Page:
Take a food tour through Italy in your own kitchen with Giada’s Italian soup recipes!
While it might not be on the forefront of people’s minds when they think “Italian food,” soup is actually a huge staple in Italian cuisine. With the temperatures slowly starting to dip, there’s no better time than now to embrace the season for soup – so why not get to know these classic Italian soup recipes while you’re at it? Giada’s Italian soup recipes are essentially a tour through her childhood, as most of these recipes were introduced by her family – so get ready for some fantastic recipes, and a little bit of history while we’re at it.
Funny story – the name of this soup might have you thinking it’s traditionally served at weddings, but that’s not quite where the name comes from. This soup is said to have originated from Naples, and the Italian name is “minestra maritata” – which roughly translates to “married soup”. The term “married” refers to the marriage of the flavors and ingredients – not nuptials! Regardless of the name, this soup is ultimately comforting with a flavorful broth, juicy meatballs and greens.
If you ever wondered what to do with lots of stale bread, this is your answer. Pappa Al Pomodoro, otherwise known as “Tuscan Bread and Tomato Soup,” is exactly what it sounds like – lots of bread and tomatoes! The bread not only gives this soup lots of body and heartiness, but as it cooks, it develops a rich and velvety texture. With lots of aromatic vegetables and herbs as well, this is a truly delicious and comforting soup that Giada’s mom always made when she was a kid.
Assimilating to American culture posed as a challenge when Giada was a young kid, and this soup magically bridged the gap. “The one exception was an old familiar friend that came in an iconic red-and-white can: Campbell’s Chicken and Stars soup. I doubt my buddies’ parents had any idea that this childhood classic, every bit as ‘all-American’ as tomato or cream of mushroom as far as they were concerned, was actually based on an Italian recipe that I adored and reminded me of home.” – Giada
Like Pappa al Pomodoro, Ribollita is another soup of Tuscan origin that includes bread in the ingredient list. It’s a hearty stew of veggies and beans, though recipes for this potage vary greatly from family to family. In Giada’s version, she likes to add pancetta at the beginning, and break up spaghetti and add it in at the end – it’s the way her family always made it!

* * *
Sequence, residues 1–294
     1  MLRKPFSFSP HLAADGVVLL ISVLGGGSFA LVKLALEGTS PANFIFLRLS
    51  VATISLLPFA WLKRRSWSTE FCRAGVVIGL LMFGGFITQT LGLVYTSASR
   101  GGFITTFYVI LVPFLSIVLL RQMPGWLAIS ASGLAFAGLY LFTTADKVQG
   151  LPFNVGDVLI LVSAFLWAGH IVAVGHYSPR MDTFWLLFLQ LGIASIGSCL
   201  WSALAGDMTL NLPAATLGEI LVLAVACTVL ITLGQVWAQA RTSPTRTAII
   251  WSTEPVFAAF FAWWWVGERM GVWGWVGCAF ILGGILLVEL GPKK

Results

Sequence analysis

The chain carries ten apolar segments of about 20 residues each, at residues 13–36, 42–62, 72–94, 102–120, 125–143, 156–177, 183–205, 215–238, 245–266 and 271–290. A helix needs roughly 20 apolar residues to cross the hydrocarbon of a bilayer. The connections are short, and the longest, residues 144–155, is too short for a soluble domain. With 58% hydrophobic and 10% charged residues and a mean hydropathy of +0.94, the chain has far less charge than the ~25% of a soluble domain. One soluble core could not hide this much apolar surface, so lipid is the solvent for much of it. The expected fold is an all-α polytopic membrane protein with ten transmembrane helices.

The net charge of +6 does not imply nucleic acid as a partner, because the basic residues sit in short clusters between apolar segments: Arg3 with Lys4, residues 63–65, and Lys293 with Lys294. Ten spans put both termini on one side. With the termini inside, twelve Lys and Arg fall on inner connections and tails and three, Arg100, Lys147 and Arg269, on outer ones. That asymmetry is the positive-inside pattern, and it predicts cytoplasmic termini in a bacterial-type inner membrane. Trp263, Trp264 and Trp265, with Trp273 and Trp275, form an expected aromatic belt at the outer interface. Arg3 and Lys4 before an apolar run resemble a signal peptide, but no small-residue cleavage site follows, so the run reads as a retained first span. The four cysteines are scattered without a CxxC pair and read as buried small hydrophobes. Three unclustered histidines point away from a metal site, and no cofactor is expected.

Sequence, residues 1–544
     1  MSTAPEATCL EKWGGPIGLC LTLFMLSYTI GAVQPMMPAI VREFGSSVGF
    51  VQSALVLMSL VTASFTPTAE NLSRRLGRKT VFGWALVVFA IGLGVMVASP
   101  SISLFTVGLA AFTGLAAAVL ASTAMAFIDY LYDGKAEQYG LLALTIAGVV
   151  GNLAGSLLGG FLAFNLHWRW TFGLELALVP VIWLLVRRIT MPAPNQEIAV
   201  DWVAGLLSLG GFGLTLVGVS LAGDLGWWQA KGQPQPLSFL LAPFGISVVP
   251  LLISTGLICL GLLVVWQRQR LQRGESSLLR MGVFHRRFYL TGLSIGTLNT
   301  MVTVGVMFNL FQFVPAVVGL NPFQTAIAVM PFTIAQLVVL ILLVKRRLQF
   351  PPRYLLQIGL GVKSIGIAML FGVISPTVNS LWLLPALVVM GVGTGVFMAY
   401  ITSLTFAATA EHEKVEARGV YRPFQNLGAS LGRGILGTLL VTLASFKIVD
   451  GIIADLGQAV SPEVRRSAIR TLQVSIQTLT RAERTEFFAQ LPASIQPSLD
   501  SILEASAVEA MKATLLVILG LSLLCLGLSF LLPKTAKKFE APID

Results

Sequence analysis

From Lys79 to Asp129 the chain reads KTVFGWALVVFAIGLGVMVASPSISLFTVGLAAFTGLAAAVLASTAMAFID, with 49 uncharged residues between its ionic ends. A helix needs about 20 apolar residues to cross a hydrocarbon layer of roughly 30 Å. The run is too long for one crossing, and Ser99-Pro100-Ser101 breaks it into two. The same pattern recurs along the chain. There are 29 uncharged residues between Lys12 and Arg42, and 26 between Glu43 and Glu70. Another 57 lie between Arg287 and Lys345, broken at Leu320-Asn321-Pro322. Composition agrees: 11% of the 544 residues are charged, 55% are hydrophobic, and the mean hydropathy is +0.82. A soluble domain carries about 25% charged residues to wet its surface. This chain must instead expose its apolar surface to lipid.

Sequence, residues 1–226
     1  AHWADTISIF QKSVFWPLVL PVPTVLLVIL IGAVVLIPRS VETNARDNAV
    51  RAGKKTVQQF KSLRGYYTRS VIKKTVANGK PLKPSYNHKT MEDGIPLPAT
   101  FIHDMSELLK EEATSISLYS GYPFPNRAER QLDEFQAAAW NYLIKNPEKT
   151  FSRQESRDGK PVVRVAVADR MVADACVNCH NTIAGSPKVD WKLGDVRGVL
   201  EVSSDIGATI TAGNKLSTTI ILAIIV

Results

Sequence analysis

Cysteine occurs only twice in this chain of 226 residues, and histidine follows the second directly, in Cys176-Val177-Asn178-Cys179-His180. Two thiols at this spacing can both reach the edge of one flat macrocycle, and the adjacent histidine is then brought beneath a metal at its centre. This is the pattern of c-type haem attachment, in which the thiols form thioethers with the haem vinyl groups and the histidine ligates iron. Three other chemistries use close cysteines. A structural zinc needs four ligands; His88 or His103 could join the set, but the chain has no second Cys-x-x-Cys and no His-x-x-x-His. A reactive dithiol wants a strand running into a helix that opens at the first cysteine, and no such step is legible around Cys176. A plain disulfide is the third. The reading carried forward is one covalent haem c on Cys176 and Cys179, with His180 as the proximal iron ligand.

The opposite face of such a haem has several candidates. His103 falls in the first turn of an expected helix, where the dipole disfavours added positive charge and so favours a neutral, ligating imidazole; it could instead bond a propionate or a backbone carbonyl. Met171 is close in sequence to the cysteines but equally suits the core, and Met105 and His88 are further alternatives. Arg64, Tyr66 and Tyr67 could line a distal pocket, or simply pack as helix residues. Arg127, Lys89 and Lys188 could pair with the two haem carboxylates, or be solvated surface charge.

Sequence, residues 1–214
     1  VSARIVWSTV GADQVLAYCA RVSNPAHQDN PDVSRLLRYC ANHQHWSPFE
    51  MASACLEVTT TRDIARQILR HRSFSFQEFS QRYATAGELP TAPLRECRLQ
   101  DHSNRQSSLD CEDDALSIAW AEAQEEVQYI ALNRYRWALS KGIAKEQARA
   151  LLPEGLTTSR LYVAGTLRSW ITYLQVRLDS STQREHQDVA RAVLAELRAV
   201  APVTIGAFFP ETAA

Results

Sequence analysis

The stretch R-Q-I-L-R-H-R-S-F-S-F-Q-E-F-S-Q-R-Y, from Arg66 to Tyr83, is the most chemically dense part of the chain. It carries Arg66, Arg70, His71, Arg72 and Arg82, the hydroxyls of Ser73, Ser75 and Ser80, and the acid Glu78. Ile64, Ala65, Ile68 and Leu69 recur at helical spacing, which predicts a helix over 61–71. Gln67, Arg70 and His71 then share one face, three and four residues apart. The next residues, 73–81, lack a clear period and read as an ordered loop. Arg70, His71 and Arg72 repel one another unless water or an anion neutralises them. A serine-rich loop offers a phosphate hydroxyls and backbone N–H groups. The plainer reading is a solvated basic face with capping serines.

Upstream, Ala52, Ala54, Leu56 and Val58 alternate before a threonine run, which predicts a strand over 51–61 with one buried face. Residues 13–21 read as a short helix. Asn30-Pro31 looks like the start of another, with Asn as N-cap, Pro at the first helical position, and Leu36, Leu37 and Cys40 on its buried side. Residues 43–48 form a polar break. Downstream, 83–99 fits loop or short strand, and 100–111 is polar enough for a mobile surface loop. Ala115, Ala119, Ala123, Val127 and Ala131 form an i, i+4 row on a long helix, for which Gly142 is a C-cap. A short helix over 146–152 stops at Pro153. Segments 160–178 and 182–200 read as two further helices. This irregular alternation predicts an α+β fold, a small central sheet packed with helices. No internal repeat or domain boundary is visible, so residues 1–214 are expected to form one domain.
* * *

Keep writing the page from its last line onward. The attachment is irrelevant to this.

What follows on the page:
This dish is often known as Tortellini en Brodo, or just “Tortellini in Broth”. While this soup is an Italian classic, it has tons of variations. Sometimes it is as simple as literally just tortellini and broth – and if you search, you’ll find all types of vegetable combinations in this soup. In Giada’s recipe, she likes to incorporate creamy white beans, pancetta, carrots and swiss chard for a nutritious and comforting dish.
The funny thing about Pasta e Fagioli is people might not recognize the dish based off of reading the name – in the states, it’s lovingly known as Pasta Fazul! The only thing this soup needs to truly be “Pasta e Fagioli” is pasta and beans, hence the name. This soup is found all over Italy, prepped in all sorts of different ways. Giada’s recipe uses red kidney beans, and pancetta gives it lots of savory flavor.
This Italian classic is traditionally comprised of broth and a mixture of eggs. “Stracciatella” means “to shred” or “shred,” which is why you’ll often see it refer to other things in Italian cuisine, too – like gelato stracciatella (in which case it’s usually referring to chocolate!). “The beauty of this soup is its simplicity, because it is mild yet flavorful. It’s what my mom would make for my brother, my sister, and me when we were under the weather. It’s so soothing and comforting, like a big hug. It’s also great for breakfast!” – Giada
Minestrone is a beloved Italian soup, and one of the most recognizable ones in the US. It’s a thick, hearty stew with vegetables, and often with pasta or rice. In Giada’s version, however, the starch comes from potatoes and cannellini beans. The star of this dish is the rind of Parmigiano – it imparts so much savory, nutty flavor to the soup. Grab some crusty bread and get ready to sop up the delicious broth of this classic.